Cratonavis zhuiA new species of pygostylian bird, ‘, was discovered in the Early Cretaceous Jehol biota of China. It had a rare combination of a dinosaurian skull and an avialan, post-cranial skeleton. This reveals the importance of evolutionary mosaicism for early bird diversification.
Cratonavis zhui Living in China, circa 120 million years ago during the Early Cretaceous period.
It is located between the members of bird clade on the bird evolutionary tree. Ornithothoraces The more reptile-like Archaeopteryx.
“The Cretaceous is an important time period that includes explosive diversifications of terrestrial vertebrates,” stated Dr. Min Wang and his colleagues. They are both researchers with the Institute of Vertebrate Paleontology and Paleoanthropology, and the Center for Excellence in Life and Paleoenvironment of the Chinese Academy of Sciences.
“This diversity in the early stages is overpowered by Ornithothoraces consisting of Enantiornithes, Ornithuromorpha and Ornithuromorpha whose members developed key derived characteristics of crown birds.”
This disparity explains why there is a significant morphological difference between the derived clades of oldest birds and these derived ones. Archaeopteryx.”
The research was conducted by Dr. Wang with co-authors. They examined the skull as well as the post-cranial structure. Cratonavis zhui Using the high-resolution computerized tomography.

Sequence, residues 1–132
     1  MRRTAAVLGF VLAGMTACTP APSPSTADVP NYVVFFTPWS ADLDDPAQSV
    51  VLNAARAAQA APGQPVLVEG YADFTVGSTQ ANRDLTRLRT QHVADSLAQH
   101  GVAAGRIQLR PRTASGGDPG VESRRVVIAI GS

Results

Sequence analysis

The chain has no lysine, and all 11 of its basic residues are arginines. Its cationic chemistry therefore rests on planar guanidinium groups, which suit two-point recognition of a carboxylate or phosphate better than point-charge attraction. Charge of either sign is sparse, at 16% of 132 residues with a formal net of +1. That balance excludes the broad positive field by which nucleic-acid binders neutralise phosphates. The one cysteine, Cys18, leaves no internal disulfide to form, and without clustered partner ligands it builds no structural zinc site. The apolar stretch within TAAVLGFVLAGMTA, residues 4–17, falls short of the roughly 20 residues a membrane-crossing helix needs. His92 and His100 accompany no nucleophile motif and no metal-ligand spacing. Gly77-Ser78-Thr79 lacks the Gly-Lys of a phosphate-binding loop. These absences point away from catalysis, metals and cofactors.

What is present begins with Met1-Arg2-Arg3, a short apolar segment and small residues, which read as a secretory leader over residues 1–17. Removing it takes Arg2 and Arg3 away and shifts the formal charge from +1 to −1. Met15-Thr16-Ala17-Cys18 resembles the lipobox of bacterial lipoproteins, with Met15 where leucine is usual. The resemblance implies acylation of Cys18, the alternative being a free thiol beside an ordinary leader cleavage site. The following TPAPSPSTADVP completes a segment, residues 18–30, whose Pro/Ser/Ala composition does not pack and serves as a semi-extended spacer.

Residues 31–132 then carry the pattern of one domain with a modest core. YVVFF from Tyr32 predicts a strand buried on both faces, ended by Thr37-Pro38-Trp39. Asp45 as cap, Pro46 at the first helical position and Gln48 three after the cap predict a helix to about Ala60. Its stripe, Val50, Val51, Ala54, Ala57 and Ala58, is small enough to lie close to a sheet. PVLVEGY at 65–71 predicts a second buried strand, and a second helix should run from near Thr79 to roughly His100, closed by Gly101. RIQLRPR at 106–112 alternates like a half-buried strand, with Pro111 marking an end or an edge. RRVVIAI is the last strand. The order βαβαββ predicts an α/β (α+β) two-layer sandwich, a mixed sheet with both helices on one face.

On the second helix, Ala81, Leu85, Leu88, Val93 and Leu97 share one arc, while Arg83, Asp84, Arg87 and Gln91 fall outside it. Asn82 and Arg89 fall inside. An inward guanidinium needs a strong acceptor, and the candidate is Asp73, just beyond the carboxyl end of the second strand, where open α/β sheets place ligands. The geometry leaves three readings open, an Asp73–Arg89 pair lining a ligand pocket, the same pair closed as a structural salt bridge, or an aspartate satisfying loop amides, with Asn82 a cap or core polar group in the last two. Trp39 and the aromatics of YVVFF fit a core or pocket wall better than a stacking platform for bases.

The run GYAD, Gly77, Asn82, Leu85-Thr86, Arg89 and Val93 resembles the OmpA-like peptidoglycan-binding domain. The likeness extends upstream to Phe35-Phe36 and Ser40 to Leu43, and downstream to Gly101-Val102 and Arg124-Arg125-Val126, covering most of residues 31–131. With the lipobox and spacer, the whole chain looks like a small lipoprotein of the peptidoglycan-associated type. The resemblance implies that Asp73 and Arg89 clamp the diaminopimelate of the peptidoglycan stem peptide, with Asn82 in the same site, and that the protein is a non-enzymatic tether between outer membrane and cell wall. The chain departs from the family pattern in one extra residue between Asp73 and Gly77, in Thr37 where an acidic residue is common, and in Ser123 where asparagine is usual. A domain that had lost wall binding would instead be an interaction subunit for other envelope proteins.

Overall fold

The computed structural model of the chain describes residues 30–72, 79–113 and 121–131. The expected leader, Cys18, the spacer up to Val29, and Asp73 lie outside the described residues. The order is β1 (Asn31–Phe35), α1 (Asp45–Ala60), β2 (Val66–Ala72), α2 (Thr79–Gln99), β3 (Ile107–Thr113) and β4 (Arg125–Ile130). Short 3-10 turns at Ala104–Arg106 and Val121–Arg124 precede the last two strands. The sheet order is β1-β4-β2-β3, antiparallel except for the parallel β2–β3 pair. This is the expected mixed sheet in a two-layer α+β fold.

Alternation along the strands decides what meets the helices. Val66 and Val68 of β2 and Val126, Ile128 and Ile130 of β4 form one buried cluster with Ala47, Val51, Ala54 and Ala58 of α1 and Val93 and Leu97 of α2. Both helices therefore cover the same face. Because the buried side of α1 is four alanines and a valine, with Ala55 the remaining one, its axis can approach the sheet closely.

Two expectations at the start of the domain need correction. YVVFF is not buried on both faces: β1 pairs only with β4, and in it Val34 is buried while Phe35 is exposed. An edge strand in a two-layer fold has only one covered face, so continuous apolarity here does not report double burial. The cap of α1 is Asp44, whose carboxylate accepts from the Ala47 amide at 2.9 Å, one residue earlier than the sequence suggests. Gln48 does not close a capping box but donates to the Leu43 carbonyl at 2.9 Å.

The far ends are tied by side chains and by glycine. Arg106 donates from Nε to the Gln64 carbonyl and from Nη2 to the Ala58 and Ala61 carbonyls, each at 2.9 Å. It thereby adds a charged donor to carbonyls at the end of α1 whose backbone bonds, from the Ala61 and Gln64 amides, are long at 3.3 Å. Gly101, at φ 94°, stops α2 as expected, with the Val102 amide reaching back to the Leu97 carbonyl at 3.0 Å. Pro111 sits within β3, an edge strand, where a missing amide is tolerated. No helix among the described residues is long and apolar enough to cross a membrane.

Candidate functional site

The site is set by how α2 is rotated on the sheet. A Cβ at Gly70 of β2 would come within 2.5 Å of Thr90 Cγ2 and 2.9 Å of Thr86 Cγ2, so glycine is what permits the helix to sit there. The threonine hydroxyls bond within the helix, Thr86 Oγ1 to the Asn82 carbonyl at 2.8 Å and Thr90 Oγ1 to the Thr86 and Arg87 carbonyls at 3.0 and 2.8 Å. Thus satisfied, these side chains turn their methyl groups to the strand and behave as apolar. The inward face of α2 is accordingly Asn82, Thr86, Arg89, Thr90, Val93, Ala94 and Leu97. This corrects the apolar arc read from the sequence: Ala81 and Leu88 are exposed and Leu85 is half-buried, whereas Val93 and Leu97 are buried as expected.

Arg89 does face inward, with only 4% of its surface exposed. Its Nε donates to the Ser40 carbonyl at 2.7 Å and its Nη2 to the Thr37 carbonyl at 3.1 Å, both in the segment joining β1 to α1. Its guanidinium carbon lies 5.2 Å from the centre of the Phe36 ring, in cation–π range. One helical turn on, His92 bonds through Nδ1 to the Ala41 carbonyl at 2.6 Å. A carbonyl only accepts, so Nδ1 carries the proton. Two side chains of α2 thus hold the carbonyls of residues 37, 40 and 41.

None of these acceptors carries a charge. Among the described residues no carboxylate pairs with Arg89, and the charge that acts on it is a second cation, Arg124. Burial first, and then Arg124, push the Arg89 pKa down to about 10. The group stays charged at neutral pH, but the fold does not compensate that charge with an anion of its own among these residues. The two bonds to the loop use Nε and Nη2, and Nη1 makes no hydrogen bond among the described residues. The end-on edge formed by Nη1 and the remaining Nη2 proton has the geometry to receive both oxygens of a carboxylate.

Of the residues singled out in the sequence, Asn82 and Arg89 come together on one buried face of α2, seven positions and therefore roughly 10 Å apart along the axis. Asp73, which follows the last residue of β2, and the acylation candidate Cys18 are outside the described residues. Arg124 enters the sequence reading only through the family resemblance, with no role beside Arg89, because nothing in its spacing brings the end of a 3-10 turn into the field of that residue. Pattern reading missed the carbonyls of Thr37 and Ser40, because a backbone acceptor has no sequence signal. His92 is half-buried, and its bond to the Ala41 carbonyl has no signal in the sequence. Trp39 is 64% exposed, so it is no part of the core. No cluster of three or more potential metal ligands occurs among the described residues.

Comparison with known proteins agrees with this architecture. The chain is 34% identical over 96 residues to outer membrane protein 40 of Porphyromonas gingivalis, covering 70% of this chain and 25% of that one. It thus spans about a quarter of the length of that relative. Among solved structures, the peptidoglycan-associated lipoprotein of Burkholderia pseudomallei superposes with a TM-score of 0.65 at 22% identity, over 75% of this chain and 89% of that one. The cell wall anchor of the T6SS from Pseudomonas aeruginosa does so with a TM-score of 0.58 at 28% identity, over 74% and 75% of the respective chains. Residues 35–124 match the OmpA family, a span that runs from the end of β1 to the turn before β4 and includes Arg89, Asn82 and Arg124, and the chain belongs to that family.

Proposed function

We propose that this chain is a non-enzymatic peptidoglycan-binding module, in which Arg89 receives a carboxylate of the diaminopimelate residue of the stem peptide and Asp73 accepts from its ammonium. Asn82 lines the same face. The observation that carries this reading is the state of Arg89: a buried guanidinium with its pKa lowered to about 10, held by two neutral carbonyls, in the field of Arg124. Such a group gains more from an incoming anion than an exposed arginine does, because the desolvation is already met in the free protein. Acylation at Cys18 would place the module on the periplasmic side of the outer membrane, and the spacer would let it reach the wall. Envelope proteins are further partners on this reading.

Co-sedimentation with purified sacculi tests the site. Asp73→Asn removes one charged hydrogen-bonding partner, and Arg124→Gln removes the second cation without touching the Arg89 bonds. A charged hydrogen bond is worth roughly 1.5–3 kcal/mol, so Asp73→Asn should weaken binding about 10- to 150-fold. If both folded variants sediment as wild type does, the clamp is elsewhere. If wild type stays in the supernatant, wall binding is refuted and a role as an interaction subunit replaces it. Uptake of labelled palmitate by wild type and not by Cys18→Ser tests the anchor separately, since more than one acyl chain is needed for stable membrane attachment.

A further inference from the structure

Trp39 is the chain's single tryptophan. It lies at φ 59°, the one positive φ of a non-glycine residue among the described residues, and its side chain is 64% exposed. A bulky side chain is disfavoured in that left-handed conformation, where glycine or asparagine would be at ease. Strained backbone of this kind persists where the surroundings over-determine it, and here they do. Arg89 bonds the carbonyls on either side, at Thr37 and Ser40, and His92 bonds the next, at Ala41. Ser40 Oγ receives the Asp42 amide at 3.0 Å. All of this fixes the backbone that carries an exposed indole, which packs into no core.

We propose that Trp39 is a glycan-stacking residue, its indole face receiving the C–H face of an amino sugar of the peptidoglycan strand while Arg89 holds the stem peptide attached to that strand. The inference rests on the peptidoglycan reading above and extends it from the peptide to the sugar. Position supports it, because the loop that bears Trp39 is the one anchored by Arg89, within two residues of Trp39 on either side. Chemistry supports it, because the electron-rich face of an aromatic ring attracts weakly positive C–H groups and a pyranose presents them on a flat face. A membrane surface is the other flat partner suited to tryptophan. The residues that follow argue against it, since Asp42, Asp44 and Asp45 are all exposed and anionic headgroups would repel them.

The skull was morphologically almost identical to the one of dinosaurs, such as Tyrannosaurus rex.
The primitive features of the cranials indicate that Cretaceous birds like Cratonavis zhui Their upper bills could not be moved independently from their braincase and lower jaw. This functional innovation is widely shared among living birds and contributes greatly to their ecological diversity,” stated Dr. Zhiheng Li of the Institute of Vertebrate Paleontology and Paleoanthropology and also the Center for Excellence in Life and Paleoenvironment of the Chinese Academy of Sciences.
“The scapula Cratonavis zhui It is vitally important for avian flight and conveys stability, flexibility,” added Dr. Wang.
We traced changes in the scapula throughout the theropod/bird transition and suggested that an elongate capula might increase the mechanical advantage for muscle for humerus retract/rotation. These differences are morphological experiments in early bird diversification.
Our study found that the first metatarsal was selected during the transition from dinosaur to bird, which favors a shorter bone.
It then lost its evolutionary ability once it was at its ideal size of less than 25% of its second metatarsal.
Dr. Thomas Stidham also of the Institute of Vertebrate Paleontology and Paleoanthropology and of the Center for Excellence in Life and Paleoenvironment of the Chinese Academy of Sciences, stated that “but, increased evolutionary lability existed among Mesozoic birds and kins of dinosaurs, which could have been due to conflicting demands associated its direct use of the hallux in locomotion and food.”
“For Cratonavis zhuiThis elongate and long-lasting hallux is likely due to selection for raptorial behaviour.
“The preserved aberrant morphologies in the metatarsals and scapula” Cratonavis zhui Highlight the breadth of bone skeletal plasticity in birds early on,” stated Dr. Zhonghe Zhou from both the Institute of Vertebrate Paleontology and Paleoanthropology and also the Center for Excellence in Life and Paleoenvironment of the Chinese Academy of Sciences.
“Changes to these elements in the theropod trees show clade-specific evolution lability which results from interplay between development, natural selection and ecological opportunity.”
These findings were published by the journal Nature Ecology & Evolution.
Z. Li The authors and others. The skull and skeleton are separated in Cretaceous birds with distinctive appendicular shapes. Nat Ecol Evol, published online January 2, 2023; doi: 10.1038/s41559-022-01921-w